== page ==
Valvetronic has been adapted to 4-, 6-, 8- and 12-cylinder engines and can be found on most current production BMW cars and SUV’s. The system operates on the “lost motion” principle, meaning that there is a conventional intake camshaft but through the use of the added eccentric shaft and intermediate lever only a portion of the effective cam lobe profile may be used during any given intake stoke. If only a partial portion of the cam lobe is utilized, the intake valve lift and duration will be reduced. The intake valve will open later, close sooner and the valve lift will be less. This allows the engine airflow and hence load to be controlled at the intake port by the amount of valve lift rather than by the amount of throttle opening. BMW calls this throttle-free load control.
|The Valvetronic servo-motors are circled and clearly visible in this picture of a 550i, N62 4.8 Liter V/8 engine.|
The rotation of the eccentric shaft pushes the intermediate lever closer to the camshaft. This changes the pivot point of the intermediate lever that acts upon the roller follower which opens and closes the valve. The special tapered profile of the bottom of the intermediate lever allows the valve lift to vary between 0.3 millimeters and 9.85 millimeters. The reversible, high speed direct current servo-motor can vary from minimum lift to maximum lift in 300 milliseconds and operates at a frequency of 16khz. Because the cylinder charge airflow is being controlled by how far the valve lifts from its seat and not by the position of the throttle plate, valve lift differences between cylinders is critical and must be held to a very close tolerance to avoid a rough idle or misfire at idle.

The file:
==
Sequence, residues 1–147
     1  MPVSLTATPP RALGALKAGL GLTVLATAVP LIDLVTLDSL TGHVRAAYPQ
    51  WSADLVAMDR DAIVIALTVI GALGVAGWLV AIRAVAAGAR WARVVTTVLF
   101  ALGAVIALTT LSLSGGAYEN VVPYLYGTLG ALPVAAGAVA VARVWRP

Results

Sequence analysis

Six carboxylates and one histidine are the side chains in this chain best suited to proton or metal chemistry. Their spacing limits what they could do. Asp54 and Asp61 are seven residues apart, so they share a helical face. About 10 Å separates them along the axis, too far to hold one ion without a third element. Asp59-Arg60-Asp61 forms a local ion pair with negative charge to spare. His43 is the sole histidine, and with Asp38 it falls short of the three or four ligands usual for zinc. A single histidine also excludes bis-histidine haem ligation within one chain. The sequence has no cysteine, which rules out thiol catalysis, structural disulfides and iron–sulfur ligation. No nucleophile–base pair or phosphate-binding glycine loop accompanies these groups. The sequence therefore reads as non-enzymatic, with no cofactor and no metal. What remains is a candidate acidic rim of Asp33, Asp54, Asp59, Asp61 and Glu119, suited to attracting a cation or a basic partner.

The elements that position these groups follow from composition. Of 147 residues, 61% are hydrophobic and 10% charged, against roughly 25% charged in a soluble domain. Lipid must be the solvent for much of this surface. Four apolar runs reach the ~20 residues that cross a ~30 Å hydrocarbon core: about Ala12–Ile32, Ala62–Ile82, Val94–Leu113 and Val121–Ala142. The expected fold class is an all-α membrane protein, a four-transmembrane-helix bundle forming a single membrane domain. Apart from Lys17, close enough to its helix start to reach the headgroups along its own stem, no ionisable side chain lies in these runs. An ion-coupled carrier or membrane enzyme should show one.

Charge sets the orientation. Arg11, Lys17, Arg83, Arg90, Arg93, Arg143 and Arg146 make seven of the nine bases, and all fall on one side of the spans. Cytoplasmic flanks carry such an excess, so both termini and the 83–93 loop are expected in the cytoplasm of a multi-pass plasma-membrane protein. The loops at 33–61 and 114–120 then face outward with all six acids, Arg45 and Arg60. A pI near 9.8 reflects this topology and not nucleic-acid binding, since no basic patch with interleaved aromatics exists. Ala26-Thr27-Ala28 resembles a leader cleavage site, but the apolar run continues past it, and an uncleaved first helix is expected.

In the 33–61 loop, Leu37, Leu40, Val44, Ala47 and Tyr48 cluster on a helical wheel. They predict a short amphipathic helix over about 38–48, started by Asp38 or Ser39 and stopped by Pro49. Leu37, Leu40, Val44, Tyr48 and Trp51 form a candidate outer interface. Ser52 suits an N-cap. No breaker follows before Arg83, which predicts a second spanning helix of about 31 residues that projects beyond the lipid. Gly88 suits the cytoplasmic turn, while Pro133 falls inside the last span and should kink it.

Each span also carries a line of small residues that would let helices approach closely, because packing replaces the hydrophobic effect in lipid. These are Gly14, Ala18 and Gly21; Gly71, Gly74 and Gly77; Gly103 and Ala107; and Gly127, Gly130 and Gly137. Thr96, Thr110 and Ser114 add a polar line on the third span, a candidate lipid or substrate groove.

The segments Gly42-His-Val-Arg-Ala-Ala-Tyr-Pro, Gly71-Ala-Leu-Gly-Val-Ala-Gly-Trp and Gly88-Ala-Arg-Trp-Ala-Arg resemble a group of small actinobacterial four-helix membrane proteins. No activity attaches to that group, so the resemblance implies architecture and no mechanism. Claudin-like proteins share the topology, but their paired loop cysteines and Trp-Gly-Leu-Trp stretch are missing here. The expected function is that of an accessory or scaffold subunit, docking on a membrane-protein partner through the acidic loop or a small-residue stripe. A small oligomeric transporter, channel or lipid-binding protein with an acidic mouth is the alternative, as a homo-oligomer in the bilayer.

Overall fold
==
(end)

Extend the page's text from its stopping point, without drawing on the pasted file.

One of the main problems with the first generation Valvetronic system was the contact point between the intermediate lever and eccentric shaft. This point is a sliding contact pad and was susceptible to wear if oil maintenance was neglected. This contact point is subjected to the pressure applied by the closing pressure of the valve spring pushing up on the roller follower and intermediate lever. As this contact point wears, the actual valve lift will decrease and cylinder-to-cylinder air intake quantities will vary and cause idle roughness.
|Gen 2 intermediate lever with roller interface at top, against the retainer called a gate block.|
Because of this wear issue there was a BMW scan tool function that would allow the technician to change the minimum lift setting of the Valvetronic system from .3mm to .8mm to see if the engine ran smoother. This change effectively made the engine a throttle controlled engine at idle. If the engine ran better, a thorough inspection of the Valvetronic system was necessary. In order to eliminate this problem, the intermediate lever was re-designed and a roller was added at this interface point. This is the primary difference between 1st and 2nd generation systems.
The other primary difference is a lowering of the minimum valve lift setting to .18mm or about 7 thousandths of an inch. With the engine running at minimum lift during idle operation the actual intake valve movement is almost imperceptible.
|The Gen 2 valvetronic system, the intermediate lever roller is shown. The lever is seen in min and max lift positions.|